Big Brother, by Lionel Shriver

big-brother_customI’ve never read a Lionel Shriver novel before, because everybody I know has read We Need to Talk About Kevin and I just found the subject matter too disturbing to pick it up. I did feel I ought to read one of her books and I was intrigued by the premise of Big Brother — a middle-aged woman takes her brother, a down-on-his-luck jazz musician, into her home for awhile, but is horrified to discover that in the years since she’s seen him last he has become morbidly obese and a compulsive over-eater. It’s not like these are the only problems in their adult sibling relationship — they both bear the scars of being raised by an actor father more invested in his Brady-Bunch-style TV family than in his real kids — but Edison’s weight is always central to the story. His sister, Pandora, is married to a man who is as obsessed with health and fitness as her brother is obsessed with snack foods. For her, Edison’s obesity leads to reflections about her own body image, about the meaning of eating and food in American culture, and about the responsibility family members have toward each other.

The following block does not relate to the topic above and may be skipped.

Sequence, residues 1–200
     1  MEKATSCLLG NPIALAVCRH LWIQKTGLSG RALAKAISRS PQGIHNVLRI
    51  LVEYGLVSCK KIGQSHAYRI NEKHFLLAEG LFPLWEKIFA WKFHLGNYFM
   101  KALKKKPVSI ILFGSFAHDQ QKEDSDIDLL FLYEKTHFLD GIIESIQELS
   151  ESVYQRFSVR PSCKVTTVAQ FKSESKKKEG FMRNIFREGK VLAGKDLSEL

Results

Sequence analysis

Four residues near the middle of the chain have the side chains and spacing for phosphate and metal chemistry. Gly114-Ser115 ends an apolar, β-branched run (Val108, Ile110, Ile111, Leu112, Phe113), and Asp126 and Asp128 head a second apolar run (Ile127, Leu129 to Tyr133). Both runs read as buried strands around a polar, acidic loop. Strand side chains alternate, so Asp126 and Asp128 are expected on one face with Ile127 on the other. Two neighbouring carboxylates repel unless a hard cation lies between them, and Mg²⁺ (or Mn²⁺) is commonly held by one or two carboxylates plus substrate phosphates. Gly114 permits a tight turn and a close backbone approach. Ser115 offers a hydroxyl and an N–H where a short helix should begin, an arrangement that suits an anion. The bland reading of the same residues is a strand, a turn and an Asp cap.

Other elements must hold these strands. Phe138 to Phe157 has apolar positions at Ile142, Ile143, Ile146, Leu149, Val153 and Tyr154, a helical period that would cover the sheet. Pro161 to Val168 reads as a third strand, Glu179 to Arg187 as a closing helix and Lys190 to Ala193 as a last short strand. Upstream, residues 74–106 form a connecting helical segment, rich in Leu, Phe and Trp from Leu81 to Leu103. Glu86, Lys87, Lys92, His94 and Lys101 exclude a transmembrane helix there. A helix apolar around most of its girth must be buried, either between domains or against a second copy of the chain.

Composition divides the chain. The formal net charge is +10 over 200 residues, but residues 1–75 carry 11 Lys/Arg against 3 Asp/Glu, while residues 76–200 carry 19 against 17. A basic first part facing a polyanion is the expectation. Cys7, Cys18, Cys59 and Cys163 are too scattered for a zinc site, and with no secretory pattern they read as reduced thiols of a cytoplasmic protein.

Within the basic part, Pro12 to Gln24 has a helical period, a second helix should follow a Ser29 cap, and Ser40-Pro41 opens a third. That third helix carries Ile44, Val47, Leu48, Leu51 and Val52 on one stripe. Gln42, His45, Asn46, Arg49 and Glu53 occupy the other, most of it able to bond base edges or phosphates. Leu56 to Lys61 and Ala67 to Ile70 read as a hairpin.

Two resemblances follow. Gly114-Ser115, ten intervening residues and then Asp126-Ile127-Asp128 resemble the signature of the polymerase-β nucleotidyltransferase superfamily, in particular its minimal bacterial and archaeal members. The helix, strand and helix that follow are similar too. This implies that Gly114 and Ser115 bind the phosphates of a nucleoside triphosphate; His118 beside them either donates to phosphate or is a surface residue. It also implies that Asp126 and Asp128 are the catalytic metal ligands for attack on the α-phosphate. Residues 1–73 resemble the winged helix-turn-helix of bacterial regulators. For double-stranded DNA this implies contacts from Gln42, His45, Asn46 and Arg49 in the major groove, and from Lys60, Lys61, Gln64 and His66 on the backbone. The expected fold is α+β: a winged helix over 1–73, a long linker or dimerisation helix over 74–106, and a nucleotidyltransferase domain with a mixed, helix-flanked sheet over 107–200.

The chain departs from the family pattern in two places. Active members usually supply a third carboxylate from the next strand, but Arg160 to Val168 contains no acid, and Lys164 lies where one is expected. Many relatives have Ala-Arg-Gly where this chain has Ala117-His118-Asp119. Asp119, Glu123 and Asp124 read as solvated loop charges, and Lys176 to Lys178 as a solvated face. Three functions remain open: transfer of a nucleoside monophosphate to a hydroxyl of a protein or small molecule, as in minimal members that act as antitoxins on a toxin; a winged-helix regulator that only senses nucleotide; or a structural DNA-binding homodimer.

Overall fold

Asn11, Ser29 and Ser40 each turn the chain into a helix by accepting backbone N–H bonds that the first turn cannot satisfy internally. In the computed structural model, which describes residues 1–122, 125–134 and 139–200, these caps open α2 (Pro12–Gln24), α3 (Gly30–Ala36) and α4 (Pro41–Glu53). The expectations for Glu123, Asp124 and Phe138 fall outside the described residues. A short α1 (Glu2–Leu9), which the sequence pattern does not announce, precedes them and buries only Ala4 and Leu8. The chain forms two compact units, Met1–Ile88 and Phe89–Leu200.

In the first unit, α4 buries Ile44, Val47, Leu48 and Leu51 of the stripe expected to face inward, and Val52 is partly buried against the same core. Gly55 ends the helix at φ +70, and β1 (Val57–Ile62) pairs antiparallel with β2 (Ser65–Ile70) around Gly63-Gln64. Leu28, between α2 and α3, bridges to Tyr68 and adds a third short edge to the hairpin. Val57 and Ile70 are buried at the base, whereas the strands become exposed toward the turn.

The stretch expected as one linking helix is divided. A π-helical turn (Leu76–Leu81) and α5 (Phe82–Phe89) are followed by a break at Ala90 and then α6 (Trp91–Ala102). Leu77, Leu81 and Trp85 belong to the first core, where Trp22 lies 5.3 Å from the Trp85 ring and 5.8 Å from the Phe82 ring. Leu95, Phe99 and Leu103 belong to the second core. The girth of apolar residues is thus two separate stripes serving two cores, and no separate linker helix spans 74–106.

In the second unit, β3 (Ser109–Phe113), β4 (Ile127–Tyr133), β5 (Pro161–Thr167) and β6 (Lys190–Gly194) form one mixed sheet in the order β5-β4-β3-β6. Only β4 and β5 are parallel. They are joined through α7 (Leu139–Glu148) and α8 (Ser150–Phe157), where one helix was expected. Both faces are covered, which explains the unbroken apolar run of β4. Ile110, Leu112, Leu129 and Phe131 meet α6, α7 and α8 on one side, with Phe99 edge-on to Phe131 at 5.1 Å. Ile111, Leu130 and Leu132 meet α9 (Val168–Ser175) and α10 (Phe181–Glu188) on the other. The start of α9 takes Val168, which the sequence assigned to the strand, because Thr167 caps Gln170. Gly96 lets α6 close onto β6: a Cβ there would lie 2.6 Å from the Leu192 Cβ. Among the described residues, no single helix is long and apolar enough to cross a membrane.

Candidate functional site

I found this an interesting book to read; my enjoyment of it was somewhat muted by the fact that I disliked all three of the main characters — Pandora, Edison, and Pandora’s husband Fletcher — almost equally. I go back and forth on this question of how likable characters should be — I know you don’t have to “like” characters in order to find them well-written and compelling, and you certainly don’t need to approve of their life choices, but I think for me it’s hard to connect emotionally to a book if there’s not at least one character I find sympathetic on some level, so that was a problem for me here. The main character, Pandora, was one of those characters I just want to shake till her teeth rattle, which did not predispose me to be sympathetic to her.

Other quibbles I had with the book — parts that I thought were simply unrealistic or unbelievable — were beautifully resolved by some unexpected twists at the end, which left me far more impressed by Shriver’s skill as a writer than I had been in the middle of the book. All in all, I enjoyed reading the book, but I don’t think it will linger as long with me as some others because of my inability to connect with the characters emotionally or care deeply about what happened to them.


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Filed under Fiction -- general

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